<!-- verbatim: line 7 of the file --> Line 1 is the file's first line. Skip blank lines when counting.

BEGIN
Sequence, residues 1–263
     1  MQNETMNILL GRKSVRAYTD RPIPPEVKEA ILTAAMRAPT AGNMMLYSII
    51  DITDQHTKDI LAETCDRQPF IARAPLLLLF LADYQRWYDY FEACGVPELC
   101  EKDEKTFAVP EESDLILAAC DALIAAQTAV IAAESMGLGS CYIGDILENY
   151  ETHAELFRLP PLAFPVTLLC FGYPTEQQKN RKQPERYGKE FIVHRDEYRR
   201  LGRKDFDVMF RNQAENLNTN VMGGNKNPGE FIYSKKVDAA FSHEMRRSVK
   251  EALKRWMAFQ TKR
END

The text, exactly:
   251  EALKRWMAFQ TKR